The Naked Gun: From the Files of Police Squad!

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Comedy Crime
86 min     7.213     1988     USA


When the incompetent Lieutenant Frank Drebin seeks the ruthless killer of his partner, he stumbles upon an attempt to assassinate Queen Elizabeth II.


Nutshell wrote:
One of the funniest and most politically incorrect movies ever made, and yes it's more than a bit crass... The laughs come rapid-fire and never let up for an instant. Leslie Nielsen is brilliant, and within 15 minutes or so you feel you know Frank Drebin inside and out. The supporting cast is also excellent, notably Ricardo Montalban and Priscilla Presley. There are too many hilarious scenes to even think of listing here, but unless you are easily offended, you are guaranteed a great time with this one. Be sure to seek out the 2 sequels, as well as the ill-fated TV series Police Squad, which inspired this comic masterpiece.
CinemaSerf wrote:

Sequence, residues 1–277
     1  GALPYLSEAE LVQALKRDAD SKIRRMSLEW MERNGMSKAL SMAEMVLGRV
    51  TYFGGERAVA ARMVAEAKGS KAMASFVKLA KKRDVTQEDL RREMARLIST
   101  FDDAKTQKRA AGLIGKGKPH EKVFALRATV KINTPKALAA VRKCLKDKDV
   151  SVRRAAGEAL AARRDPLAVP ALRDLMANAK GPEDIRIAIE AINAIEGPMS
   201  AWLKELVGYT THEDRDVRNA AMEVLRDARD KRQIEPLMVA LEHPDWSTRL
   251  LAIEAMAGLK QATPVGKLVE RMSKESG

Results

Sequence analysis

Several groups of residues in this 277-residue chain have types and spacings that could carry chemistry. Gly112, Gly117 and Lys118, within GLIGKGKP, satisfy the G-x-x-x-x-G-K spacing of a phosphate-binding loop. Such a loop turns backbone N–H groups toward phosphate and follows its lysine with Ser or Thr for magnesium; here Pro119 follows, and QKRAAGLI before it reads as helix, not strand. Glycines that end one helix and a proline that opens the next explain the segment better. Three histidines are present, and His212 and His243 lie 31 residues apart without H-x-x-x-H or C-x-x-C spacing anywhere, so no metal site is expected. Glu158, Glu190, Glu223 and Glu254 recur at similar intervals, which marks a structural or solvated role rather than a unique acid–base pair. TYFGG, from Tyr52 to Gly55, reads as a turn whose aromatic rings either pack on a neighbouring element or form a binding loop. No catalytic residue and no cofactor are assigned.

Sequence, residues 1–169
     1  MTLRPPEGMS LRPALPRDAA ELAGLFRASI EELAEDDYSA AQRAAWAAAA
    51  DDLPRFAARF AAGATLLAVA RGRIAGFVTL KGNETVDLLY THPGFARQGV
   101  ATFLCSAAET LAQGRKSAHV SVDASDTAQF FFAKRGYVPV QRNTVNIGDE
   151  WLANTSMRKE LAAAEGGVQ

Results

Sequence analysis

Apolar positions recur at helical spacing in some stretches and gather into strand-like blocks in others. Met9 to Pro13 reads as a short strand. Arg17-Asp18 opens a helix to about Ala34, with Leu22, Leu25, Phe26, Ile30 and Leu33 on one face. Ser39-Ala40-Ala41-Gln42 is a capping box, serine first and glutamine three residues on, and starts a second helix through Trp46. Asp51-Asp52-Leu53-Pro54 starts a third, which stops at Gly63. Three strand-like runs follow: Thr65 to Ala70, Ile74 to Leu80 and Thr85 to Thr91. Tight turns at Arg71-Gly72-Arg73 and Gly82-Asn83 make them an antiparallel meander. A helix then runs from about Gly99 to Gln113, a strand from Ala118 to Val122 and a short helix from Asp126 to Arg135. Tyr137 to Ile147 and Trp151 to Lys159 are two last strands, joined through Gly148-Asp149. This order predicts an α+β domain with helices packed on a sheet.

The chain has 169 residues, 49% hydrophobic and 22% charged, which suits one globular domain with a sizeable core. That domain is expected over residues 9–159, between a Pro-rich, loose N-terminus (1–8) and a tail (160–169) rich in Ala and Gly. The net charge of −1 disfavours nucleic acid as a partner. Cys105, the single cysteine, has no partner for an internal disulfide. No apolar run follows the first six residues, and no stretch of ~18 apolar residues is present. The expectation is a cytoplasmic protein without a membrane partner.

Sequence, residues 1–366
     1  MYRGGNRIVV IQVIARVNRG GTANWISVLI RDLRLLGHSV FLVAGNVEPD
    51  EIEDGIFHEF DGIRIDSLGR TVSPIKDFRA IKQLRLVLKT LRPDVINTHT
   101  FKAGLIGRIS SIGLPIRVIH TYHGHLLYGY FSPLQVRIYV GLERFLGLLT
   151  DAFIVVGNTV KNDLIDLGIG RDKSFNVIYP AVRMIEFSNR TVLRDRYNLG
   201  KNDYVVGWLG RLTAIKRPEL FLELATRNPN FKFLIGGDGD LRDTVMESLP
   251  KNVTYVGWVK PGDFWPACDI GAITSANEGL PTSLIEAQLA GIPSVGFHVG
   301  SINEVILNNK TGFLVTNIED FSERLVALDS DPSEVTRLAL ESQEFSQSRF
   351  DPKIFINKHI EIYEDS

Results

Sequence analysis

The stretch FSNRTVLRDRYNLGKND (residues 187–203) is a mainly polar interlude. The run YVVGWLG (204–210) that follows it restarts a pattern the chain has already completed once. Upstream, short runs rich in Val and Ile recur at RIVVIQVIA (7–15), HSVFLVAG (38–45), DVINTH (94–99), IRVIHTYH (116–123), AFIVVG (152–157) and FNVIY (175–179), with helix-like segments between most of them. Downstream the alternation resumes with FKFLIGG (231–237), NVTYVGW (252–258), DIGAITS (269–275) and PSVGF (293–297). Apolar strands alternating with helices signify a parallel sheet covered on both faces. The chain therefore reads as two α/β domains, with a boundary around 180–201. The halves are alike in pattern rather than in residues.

Leslie Nielsen is on great form here as the hapless "Lt. Drebin" charged with the security of Queen Elizabeth on Her Majesty's forthcoming visit to Los Angeles. Unfortunately for him, criminal mastermind "Ludwig" (Ricardo Montalban) has been offered $20 million if he arranges for her assassination. Can "Drebin" and his boss "Hocken" (George Kennedy) thwart this complicated and dastardly plan? Well the Queen has just celebrated her platinum jubilee, so I guess we don't need to dwell on the jeopardy here. What we do have, right from the start, are some fun slapstick scenarios that see our accident prone hero cause chaos and mayhem as he manages to wreck just about every state occasion lined up for their visitor by mayor Nancy Marchand, whilst falling in love with the menacing baddie's girlfriend "Jane" (Priscilla Presley). The dialogue is pithy and entertaining - if at times a little puerile, and both Nielsen and Presley have great timing as this calamitous series of scenarios build to a suitably daft conclusion with an on-form Montalban. Along the way the score and the script manage to parody quite a few other films and that raises a smile too. At times, the humour is a little close to the politically correct bone - smutty, even - so I doubt very much it would ever be made nowadays - but, of it's time, it's actually quite enjoyable.